A long-standing provider of transport services for disabled and elderly residents of Le Marin has decided not to challenge plans to transfer the service to a French company from next year.
Vivalon, formerly known as Whistlestop, has been providing paratransit service in Marin for over 50 years and has had a contract with the local transit agency, Marin Transit, for 48 years. More than 10,000 passengers used the service each month before the pandemic.
Vivalon’s contract will expire next year. Marin Transit has issued a tender for the three-year, $ 24 million contract. In September, the agency’s board of directors voted to award the contract to Transdev from February.
After two unsuccessful attempts to protest the decision, Anne Gray, Managing Director of Vivalon, announced that she would no longer continue to challenge the decision and would instead work to ensure a “smooth transition” with Transdev.
“After carefully considering our options for ensuring paratransit users the same safe and reliable service that they have enjoyed with Vivalon over the past 50 years, we are confident that Vivalon has done everything possible, other than hiring legal counsel. costly, to continue to provide the Marin Access paratransit services in Marin County, ”said Gray.
Gray previously said the contract could have been appealed to the Federal Transit Administration, but Vivalon spokeswoman Jennifer Golbus said the research needed would be too costly for the association.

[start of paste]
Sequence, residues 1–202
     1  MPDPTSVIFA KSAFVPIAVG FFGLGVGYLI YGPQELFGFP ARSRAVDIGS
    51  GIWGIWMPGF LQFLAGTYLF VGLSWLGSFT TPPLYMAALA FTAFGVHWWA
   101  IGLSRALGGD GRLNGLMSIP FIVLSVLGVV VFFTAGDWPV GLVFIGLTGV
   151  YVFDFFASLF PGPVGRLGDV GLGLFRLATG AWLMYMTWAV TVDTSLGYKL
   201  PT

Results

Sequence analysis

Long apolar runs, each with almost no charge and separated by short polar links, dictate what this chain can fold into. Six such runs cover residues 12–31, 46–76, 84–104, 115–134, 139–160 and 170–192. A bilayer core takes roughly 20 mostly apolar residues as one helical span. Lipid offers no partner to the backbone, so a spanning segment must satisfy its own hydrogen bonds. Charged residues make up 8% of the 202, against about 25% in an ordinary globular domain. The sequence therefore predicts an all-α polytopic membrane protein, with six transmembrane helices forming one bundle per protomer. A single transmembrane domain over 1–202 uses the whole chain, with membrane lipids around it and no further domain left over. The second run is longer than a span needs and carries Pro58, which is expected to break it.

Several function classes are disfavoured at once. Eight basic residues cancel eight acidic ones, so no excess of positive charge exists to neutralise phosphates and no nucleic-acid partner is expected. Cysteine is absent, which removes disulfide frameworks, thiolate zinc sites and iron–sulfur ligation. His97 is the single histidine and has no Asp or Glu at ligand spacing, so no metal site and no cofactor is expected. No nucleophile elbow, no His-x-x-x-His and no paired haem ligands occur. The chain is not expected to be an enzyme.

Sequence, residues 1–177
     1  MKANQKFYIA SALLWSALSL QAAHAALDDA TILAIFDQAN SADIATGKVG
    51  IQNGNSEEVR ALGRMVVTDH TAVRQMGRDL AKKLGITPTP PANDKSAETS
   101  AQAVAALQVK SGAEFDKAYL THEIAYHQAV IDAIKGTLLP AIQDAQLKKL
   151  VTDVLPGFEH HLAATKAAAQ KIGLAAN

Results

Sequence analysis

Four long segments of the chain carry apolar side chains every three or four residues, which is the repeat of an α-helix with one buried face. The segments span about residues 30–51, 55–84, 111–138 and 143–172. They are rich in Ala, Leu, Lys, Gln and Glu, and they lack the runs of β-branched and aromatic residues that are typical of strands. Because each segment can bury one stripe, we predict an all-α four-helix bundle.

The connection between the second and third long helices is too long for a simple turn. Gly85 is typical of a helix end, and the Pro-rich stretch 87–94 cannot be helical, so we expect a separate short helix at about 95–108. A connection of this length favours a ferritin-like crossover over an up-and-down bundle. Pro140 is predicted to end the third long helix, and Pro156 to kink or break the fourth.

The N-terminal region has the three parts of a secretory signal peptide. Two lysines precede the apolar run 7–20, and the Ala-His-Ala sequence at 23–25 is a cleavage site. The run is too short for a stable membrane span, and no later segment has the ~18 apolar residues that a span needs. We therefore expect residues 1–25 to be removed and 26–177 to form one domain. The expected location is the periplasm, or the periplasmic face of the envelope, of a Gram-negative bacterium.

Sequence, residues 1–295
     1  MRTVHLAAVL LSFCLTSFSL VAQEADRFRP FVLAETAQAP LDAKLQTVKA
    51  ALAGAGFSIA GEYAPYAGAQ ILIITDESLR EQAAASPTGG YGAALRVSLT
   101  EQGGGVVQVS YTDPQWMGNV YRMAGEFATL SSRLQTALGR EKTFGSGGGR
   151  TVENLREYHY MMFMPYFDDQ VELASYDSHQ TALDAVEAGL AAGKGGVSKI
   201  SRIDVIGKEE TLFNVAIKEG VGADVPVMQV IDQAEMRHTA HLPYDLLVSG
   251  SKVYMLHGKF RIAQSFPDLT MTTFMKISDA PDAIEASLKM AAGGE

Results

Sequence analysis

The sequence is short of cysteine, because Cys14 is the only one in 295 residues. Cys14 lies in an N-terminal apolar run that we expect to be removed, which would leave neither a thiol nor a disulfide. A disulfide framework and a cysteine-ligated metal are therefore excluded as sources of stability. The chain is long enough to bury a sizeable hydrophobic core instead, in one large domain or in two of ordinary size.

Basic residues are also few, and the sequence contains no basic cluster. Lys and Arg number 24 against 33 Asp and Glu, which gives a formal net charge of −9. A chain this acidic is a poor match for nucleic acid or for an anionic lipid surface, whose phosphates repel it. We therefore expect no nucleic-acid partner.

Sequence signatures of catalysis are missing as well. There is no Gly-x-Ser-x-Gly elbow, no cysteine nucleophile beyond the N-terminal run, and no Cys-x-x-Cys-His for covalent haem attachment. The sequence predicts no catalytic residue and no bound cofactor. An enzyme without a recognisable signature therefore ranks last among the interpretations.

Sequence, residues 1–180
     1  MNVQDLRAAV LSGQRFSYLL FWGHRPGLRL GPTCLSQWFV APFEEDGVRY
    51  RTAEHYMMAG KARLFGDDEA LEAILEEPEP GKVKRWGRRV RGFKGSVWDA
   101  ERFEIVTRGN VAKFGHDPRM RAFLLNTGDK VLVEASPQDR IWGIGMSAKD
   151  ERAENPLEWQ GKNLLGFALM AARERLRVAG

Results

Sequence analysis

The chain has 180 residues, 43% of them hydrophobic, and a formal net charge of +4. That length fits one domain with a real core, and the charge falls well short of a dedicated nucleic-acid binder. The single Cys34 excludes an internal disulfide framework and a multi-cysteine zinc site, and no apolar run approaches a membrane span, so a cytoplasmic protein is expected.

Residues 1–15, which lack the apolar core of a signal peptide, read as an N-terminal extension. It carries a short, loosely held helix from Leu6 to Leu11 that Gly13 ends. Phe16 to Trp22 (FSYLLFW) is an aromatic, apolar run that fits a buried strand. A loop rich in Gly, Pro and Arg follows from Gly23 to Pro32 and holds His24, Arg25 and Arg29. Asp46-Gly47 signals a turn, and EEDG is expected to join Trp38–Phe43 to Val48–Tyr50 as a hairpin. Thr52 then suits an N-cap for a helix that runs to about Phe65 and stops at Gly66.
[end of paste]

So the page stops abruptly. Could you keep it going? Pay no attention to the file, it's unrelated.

“After careful deliberation and consultation with trusted advisors, we have concluded that the right decision for Vivalon and for those we serve is to focus on a smooth transition of paratransit services to Transdev,” said Golbus.
The paratransit contract is Vivalon’s largest, representing approximately $ 5 million of its $ 11 million operating budget. Most of the revenue is used to operate the paratransit service, but about $ 500,000 is used for other programs, which will force the nonprofit to find a new source of funding, Gray said.
Marin Transit staff and board members justified the decision to award the contract to Transdev based on federal restrictions on tendering. The Federal Transit Administration demands “fair and open competition” and prohibits agencies from favoring or excluding non-local bidders, said Nancy Whelan, executive director of Marin Transit.
A selection panel made up of Marin Transit employees and consultants rated Vivalon and Transdev in different categories, Transdev having finally obtained the best rating. Categories included project understanding, experience and qualifications; work plan and approach; innovation; and the granting of bonuses for bilingual staff.
Vivalon obtained a score lower than that of Transdev in terms of understanding, qualification and experience of the project; work plan and approach; and innovation. Gray said the categories were the most subjective.
Transdev said it would offer all Vivalon drivers a job with the company. Golbus said Vivalon hopes many of its drivers will stay with the nonprofit to work in its Vivalon Rides service, which will provide medical rides, specialized transportation, shuttles and other services.
“In addition to transportation, we have enormous opportunities to continue to serve our community with the many programs at Vivalon that impact the health and vitality of seniors and people with disabilities,” Golbus said. “We are particularly excited about the opening of our Healthy Aging Campus at the end of 2023. Vivalon has a very bright future as Marin’s hub for healthy aging. “
Whelan said Vivalon and Transdev have been “very cooperative” in the transition.
“There has been a lot of talk about this change,” Whelan said. “We all want everything to go well. We want to continue working with Vivalon. They are a highly respected partner in our community. We will continue to serve the same people and we want to partner with them in the future. It’s an important part of that relationship here.